The first of three units is Nutrition and Healthy Living. This program includes boxes for delivery to each child and the teachers. We have written it to focus on Grades 2-4 in Title One Schools and Group Homes.

The study box includes a 5-minute video tour of Robinson Gardens and a 3-minute video focusing on our garden and nutrition, eating healthy, and a visit to our Kitchen Garden and the chicken coop. We have provided worksheets and a salad bowl filled with crayons, pencils, scissors, and healthy snacks among many other items. They are all wrapped up like a gift in cellophane. We have a developed a FRoG Logo (Friends of Robinson Gardens) to brand this program. The notebooks are filled with games, puzzles, worksheets, Sam’s Super Salad book (written by Joan Selwyn and Tim Lindsay), and recipe cards for healthy snacks.

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An Interview with Sunday Taylor, Author of “The Anglophile’s Notebook”

On March 11, 2021, Sunday Taylor, a longtime Friends of Robinson Gardens member, gave a fascinating virtual presentation on Zoom about her new novel, The Anglophile’s Notebook. She was interviewed by our lovely past President Patti Reinstein who said, “Her wonderful book is part history, part mystery, part love story and character study. It is also about the love of the Brontës that comes through in her writing.”

Sunday’s shimmering heroine, called Claire Easton, is a writer and magazine editor living in Los Angeles who travels to London to write a book on Charlotte Brontë. “This trip will change her life,” Sunday said. Claire is married to a very successful music producer. After the recent death of her mother and discovering that her husband has been unfaithful, she decides to stay in England indefinitely. On her second night in London, she visits an enchanting bookstore called Victorian Books and bonds with the owner on their love of books and the Brontës. The plot evolves into a literary mystery and romance that holds you spellbound.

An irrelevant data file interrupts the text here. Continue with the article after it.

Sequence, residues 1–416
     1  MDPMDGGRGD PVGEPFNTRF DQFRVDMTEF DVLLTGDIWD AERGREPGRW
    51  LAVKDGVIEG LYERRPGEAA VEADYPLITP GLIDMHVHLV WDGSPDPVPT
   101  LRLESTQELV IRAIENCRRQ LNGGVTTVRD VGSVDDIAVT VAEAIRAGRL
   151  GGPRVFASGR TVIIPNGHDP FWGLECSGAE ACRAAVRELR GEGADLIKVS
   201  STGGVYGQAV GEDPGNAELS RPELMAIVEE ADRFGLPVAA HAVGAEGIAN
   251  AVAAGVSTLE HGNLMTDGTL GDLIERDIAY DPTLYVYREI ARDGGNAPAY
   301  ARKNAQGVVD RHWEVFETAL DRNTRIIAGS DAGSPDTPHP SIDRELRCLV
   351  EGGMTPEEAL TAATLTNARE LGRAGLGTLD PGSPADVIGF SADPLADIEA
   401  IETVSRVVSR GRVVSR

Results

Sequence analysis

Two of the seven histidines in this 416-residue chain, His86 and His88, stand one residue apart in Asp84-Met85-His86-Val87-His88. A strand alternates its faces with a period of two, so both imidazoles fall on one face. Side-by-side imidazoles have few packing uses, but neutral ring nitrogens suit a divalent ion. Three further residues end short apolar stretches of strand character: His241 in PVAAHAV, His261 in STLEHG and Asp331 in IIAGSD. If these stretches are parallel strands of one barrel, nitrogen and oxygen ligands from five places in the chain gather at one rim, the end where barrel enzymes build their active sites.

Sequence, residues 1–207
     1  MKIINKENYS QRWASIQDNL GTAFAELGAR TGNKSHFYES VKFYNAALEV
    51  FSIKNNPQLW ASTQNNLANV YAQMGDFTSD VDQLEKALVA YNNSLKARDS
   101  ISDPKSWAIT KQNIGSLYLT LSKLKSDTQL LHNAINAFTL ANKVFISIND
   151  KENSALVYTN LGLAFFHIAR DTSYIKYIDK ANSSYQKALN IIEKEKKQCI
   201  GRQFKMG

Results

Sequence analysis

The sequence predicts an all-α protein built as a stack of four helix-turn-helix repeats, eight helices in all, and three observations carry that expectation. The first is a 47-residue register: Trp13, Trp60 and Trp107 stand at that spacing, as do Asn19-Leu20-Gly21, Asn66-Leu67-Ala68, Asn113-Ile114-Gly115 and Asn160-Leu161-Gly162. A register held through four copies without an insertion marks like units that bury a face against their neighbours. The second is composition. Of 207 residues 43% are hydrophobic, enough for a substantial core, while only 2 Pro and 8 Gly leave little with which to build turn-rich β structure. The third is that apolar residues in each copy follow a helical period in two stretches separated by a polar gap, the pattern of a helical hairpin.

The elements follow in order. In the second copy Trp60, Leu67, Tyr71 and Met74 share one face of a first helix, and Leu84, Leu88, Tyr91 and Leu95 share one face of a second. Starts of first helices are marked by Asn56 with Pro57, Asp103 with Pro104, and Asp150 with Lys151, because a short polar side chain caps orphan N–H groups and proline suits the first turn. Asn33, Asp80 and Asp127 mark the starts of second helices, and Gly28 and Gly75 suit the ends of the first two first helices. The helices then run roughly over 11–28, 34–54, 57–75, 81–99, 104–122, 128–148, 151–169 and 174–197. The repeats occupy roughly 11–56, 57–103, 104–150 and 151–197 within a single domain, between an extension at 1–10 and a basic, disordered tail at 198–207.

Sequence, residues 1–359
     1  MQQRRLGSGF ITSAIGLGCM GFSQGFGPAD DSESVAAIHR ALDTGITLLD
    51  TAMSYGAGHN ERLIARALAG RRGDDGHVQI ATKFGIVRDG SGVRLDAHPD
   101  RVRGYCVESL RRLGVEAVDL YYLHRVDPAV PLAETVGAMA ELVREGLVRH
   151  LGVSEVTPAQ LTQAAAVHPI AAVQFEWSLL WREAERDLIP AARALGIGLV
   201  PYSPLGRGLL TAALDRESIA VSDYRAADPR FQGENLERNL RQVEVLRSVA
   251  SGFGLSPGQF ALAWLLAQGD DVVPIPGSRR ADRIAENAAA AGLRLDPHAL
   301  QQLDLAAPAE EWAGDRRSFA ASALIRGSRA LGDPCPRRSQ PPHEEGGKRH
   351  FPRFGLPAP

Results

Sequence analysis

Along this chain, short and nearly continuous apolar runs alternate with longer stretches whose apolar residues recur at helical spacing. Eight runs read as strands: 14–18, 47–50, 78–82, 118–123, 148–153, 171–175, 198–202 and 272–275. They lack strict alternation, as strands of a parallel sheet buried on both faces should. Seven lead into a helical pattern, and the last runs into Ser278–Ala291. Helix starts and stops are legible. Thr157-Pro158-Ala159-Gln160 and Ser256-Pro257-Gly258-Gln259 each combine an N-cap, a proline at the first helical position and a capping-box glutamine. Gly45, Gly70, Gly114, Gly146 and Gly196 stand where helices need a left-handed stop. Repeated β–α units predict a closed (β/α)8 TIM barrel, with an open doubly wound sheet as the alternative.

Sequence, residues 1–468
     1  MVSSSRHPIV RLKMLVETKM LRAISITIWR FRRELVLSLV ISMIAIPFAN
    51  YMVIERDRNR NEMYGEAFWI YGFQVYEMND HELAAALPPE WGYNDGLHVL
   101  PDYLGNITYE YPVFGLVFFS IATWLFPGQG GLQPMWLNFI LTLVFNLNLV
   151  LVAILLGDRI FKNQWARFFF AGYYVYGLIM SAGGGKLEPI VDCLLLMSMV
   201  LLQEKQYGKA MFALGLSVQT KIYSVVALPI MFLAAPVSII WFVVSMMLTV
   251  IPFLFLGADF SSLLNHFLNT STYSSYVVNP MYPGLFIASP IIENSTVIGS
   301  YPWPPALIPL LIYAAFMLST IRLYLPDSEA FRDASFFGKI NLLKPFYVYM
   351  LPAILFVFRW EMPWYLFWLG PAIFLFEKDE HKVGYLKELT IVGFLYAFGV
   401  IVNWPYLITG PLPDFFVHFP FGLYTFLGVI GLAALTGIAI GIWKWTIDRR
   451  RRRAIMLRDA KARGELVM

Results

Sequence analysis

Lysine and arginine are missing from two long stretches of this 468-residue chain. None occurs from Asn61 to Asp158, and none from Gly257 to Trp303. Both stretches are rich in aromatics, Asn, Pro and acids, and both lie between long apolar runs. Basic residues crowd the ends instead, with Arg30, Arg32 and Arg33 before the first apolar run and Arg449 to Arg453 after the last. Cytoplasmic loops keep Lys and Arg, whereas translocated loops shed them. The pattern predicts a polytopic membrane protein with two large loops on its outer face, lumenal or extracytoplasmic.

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In Case You Missed It: Thoughts from Friends

Wild and Exotic Birds of the Robinson Gardens

The phrase, “Birds of a feather flock together,” is at least over 470 years old. It was in use as far back as the mid-16th century and was inspired by the flocking behavior of birds when foraging for food or flying in formation during seasonal migrations. This concept is sometimes applied metaphorically to people who act in similar ways.

One early spring morning, Friends members flocked together with a naturalist, Darrow Feldstein, who guided us on a garden bird watch. While we moved in predictable formation, we were singularly focused on observing “only” birds in the garden. It turned out to be a cognitive revelation. We enjoyed the garden for the first time with only one objective in mind — to get acquainted with our feathered friends. Knowing in previous years that “birders” from the Audubon Society had sighted over 150 species of birds one New Year’s Day, we set out on this adventure with great expectations.

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Spotlight on Laura Coleman

Each month we spotlight a volunteer, staff member, docent, donor, or sponsor of Virginia Robinson Gardens (VRG) -- those that have made an impact on the organization. We want to let you know about these wonderful people and corporations that give so much to the Virginia Robinson Gardens and to the community, and what they do that is so impactful.

This month, we spotlight Laura Coleman, a wonderful and dedicated Friends of Robinson Gardens member. Laura has been a Van Hostess for Garden Tour and volunteered to work at the Gardens during the shutdown due to Covid. Her many articles on several of our events including education lectures, garden classes, children's visits, Garden Tour and Gala have been published over the years in the Beverly Hills Courier, thus sharing who we are with the world. Thanks to her superlative journalistic skills, Laura has written fantastic articles for the Happenings as well.

We asked her these four questions:

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To see what the Friends of Robinson Gardens have been up to, please visit our Archive.